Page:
KAP Biology Teachers Workshop Summer
Ten tips for reading research articles
This website is a collaboration with contributions from faculty,
Library and Information Services, and students at Kenyon College.
The project was conceived and developed by Chris Gillen, Associate
Professor of Biology and Jasmine Vaughan, Librarian and Technology
Bethany Lye '03, a Biology and English major, edited the lessons
and wrote portions of the Methods lesson.
In today's world, almost everyone is faced with the need to interpret
scientific work and make decisions based on scientific information.
These decisions may regard the health care of a loved one, the proper
nutritional supplement to take, or whether to invest in a biotech
The ability to read and understand the primary scientific literature
is probably the most important step towards evaluating scientific
information. Relying on secondary reports can be unsatisfactory.
Furthermore, properly understanding and interpreting secondary reports
requires some experience with reading and evaluating primary literature.
Although exposing students to the primary scientific literature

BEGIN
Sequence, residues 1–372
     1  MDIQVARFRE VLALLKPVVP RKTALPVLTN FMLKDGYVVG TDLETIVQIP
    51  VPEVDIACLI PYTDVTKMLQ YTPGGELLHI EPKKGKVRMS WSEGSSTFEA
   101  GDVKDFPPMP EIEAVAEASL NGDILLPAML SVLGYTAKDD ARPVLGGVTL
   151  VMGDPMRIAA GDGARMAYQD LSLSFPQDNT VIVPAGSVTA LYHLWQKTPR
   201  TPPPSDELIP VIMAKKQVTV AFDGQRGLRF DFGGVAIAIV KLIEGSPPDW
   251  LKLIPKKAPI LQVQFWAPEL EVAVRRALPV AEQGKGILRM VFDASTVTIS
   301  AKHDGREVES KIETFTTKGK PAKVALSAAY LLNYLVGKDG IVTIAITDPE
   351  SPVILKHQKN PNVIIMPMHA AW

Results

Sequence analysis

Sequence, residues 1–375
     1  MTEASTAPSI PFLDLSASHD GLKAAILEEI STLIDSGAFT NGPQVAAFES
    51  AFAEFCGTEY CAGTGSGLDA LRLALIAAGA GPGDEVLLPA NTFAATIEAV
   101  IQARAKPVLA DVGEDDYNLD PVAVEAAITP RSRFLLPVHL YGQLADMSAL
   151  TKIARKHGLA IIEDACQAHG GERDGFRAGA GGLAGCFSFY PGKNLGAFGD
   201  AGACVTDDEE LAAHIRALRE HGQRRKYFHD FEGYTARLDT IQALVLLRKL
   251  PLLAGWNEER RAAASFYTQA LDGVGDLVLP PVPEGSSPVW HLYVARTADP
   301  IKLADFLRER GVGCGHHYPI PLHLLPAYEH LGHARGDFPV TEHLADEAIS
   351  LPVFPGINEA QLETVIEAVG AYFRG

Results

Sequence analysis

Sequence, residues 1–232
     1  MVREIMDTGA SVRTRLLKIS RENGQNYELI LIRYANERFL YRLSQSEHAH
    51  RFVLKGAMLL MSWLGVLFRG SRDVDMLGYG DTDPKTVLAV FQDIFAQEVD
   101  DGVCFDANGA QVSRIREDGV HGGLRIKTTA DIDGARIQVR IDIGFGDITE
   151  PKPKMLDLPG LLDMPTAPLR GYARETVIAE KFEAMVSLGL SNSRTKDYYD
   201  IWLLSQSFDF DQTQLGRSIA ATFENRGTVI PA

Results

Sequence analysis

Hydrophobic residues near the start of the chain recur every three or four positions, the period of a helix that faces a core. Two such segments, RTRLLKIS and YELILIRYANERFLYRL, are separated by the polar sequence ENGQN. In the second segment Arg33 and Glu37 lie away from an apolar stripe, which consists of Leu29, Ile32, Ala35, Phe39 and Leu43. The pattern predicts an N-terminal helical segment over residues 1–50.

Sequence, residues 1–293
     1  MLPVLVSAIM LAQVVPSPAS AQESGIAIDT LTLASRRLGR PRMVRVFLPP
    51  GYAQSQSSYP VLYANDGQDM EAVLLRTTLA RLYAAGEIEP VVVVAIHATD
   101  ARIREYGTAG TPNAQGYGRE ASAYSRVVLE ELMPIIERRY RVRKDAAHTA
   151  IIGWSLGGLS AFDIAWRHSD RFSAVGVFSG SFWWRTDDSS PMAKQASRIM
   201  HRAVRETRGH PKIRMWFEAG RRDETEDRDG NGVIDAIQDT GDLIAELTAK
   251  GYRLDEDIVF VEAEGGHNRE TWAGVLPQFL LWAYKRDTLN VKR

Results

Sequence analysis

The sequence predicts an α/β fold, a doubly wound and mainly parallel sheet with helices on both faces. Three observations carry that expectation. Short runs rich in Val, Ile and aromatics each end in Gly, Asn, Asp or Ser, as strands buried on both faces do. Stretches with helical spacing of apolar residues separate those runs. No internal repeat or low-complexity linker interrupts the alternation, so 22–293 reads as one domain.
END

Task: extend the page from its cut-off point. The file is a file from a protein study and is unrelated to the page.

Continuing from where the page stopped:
is a laudable objective, reading primary scientific papers is an
extremely difficult process.
The tutorial is intended to introduce non-majors and beginning
biology majors to the most effective ways to read and evaluate primary
biology literature. It emphasizes understanding the structure of
scientific papers, identifying hypotheses, examining experimental
designs, and interpreting graphs. In order to promote reflection
on the application of these critical reading skills to life outside
of the introductory or non-major course, pages with questions for
reflection and discussion are included in each lesson.
Financial support for this project was provided by the Andrew W.
Mellon Integrating Information Literacy Into the Curriculum grant,
awarded to the Five Colleges of Ohio. Beth Lye was also partly supported
by a Howard Hughes Medical Institute grant to Kenyon College. The
American Physiological Society granted permission to make links
to the Journal of Applied Physiology papers used on this site.
We acknowledge the helpful comments from students, other educators,
and two anonymous reviewers for the APS Archive of Teaching Resources
The site was conceived during Spring 2002, and created during Summer
2002 and Spring 2003. In Spring 2003, the tutorial was integrated
into the curriculum of Biology 105: Biology of Exercise. Students
were required to complete a lesson, including a short homework,
before class. During class, the topics were discussed and small
group exercises were completed.